Column: The high price of patriotism |

Column: The high price of patriotism

John O'Neill

Patriotism and greed; strange bedfellows, indeed! President Bush is calling on all Americans to pitch in and do whatever they can to turn around our faltering economy. We are asked to be patriotic, get back to leading our normal lives, spend, buy, travel, fly and, perhaps, take an extended, expensive vacation, preferably in Texas or Florida. Apparently, his message has not gotten through to much of Corporate America. Let’s look at a few examples.

Enron, the huge corporation that was, only a short time ago, gleefully squeezing blood out of California power consumers recently declared bankruptcy (the largest bankruptcy in U. S. history). Shortly before filing, the company awarded bonuses totaling $55 million to 500 of its top employees (average bonus, $110,000) while at the same time awarding pink slips to the other 4,000.

Polaroid Corp., which also filed for bankruptcy protection in late 2001, laying off thousands of workers and leaving 6,000 of its retirees without health insurance, has petitioned the government to allow it to issue bonuses to its top executives (so they won’t “jump ship”). Such warm and fuzzy examples of corporate patriotism and welfare must have brought tears to the eyes of J. P. Morgan and the other “Robber Barons,” wherever they might be.

During the past year, the “Feds” have lowered interest rates a total of 11 times in an attempt to “stimulate the economy” . . . the result? Well, I put aside a stack of credit card “pre-approvals” received in the past eight weeks and guess what . . . they are almost identical to a similar stack I saved in January 2001: “0.0 percent interest” (the baited hook) for ___ months . . . then (get out the magnifying glass) 23.99 percent . . . unless you are delinquent, then it could be 27.99 percent or even more.

So much for the “Trickle-Down-Theory” favored by one of our two major political parties . . . 11 rate cuts and nary a trickle! It’s easy to understand why the wealthy embrace the idea . . . but the less-than-wealthy (?) . . . those who have yet to be trickled on, but mechanically go to the polls every election and support this dinosaurian concept? And then, there’s “my-very-own-bank,” which recently sent me another check for $1,018.47 . . . if I had cashed it, I would be paying an annual percentage rate (APR) of 36 percent (how patriotic can you get?)!

Finally, my nominations for “Scrooge of the Year” (fanfare, please): Anyone associated with a “Payday Loan Shark Establishment” (euphemistically, a “Deferred-deposit Business”) . . . those friendly, helpful, compassionate souls that let you borrow on next week’s paycheck . . . then sock you with an interest anywhere between rate 100 and 1,000 percent!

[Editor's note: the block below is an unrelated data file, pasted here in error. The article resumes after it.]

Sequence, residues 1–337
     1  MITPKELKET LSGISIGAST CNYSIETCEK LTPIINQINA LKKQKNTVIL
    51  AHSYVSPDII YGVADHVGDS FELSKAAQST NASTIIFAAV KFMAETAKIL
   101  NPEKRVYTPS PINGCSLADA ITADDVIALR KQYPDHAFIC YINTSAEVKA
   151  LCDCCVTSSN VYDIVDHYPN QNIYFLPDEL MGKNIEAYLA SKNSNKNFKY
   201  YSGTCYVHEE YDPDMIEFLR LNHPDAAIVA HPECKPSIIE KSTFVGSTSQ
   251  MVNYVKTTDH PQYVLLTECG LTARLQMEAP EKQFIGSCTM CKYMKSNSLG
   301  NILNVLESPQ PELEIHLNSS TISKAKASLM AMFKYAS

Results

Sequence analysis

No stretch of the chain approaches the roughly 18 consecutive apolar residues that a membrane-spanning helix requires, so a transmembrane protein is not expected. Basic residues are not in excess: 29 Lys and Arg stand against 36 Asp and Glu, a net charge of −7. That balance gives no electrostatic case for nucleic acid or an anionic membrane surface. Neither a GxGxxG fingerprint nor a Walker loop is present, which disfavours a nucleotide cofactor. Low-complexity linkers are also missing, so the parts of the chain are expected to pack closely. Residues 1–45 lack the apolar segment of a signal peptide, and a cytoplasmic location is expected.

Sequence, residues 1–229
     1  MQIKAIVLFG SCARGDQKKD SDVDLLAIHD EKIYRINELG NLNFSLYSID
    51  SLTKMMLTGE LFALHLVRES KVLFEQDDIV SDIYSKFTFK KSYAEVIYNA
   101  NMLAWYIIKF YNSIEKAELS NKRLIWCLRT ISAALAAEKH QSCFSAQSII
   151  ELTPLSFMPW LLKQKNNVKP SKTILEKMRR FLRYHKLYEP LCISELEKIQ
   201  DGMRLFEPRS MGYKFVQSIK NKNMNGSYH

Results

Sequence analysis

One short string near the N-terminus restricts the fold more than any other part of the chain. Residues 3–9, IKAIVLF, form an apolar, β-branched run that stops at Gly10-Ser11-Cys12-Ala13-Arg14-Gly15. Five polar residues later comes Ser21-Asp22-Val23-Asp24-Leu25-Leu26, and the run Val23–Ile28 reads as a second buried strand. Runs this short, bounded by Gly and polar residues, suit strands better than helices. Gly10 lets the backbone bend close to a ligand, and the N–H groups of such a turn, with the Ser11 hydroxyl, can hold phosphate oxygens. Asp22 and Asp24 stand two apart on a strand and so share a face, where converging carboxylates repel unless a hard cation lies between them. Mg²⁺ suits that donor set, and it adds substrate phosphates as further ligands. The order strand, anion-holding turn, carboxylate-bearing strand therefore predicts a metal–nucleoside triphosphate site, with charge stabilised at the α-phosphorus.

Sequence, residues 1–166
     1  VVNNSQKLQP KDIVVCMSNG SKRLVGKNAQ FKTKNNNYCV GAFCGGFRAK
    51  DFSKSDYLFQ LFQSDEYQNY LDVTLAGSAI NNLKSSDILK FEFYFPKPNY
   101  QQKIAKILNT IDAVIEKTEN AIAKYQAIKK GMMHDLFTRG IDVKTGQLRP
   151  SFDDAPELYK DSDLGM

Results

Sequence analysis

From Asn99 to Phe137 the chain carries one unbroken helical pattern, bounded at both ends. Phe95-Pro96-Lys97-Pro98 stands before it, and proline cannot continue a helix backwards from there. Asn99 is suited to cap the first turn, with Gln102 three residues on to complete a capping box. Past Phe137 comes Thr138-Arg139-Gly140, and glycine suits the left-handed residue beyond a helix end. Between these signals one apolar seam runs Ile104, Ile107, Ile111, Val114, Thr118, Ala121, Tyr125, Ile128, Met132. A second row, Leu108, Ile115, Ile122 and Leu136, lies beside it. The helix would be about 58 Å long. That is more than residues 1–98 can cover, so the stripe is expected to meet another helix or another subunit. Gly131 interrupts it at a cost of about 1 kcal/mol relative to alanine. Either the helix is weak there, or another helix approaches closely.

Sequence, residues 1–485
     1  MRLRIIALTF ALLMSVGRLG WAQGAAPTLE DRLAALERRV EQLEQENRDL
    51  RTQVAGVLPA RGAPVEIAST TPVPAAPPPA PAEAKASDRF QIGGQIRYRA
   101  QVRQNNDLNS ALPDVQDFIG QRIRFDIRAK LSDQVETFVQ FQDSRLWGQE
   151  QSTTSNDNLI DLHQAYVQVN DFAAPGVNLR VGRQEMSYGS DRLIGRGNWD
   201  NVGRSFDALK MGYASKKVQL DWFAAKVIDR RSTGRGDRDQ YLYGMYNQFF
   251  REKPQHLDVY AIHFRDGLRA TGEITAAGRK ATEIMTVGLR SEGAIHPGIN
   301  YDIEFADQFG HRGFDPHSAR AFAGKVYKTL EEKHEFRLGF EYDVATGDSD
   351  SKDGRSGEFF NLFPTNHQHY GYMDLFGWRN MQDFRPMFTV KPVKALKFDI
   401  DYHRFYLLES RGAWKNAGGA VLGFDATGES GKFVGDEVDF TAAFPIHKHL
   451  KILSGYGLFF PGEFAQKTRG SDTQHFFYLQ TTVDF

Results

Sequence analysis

Nevada is one of a handful of states that has legalized these outrageous, morally indefensible “businesses” without imposing a limit on the cost of borrowing (could this possibly have anything to do with the 27 percent increase in Nevada bankruptcies in the past year?).

John Vergiels, a lobbyist for the “Payday Loan Shark Industry,” claims high interest rates are necessary because of the risks involved and has been quoted, in justifying these usurious activities, as saying: “If they (clients(?), victims(?)) could get a loan someplace else, they would . . . banks don’t want the customers we take . . .” Translation: “if the banks don’t want these folks . . . and their own government offers them no protection, then they are fair game.” During the last session of the Nevada Legislature, Assemblywomen Bonnie Parnell (Democrat) and Dawn Gibbons (Republican) introduced an obviously bi-partisan bill (AB 421) in an attempt to remedy the situation . . . I sent an e-mail to our representative, Lynn Hettrick (Republican), asking for his support on this measure and on April 18, 2001, received the following e-mail from him:

“AB 421 died in committee. There are many concerns regarding the way interest is calculated. There is a minimum cost to write a contract. As you know, that cost is added to the total finance charge to calculate the interest rate. That falsely inflates the rate. While you and I might not pay those rates, there are many folks who can’t finance anything without these short term loans. Capping rates negatively impacted them. The committee chose not to process in the form offered and there were no amendments offered that satisfied concern.”

Translation: by default, the Nevada Legislature has once again cowed to lobbyists, allowing, in this particular instance, the sharks to continue feeding on the most vulnerable among us, those living on the financial fringe.

Have a Happy New Year . . .

John O’Neill is co-director of the Carson Valley Violin School. He can be contacted by Email at, or through his web site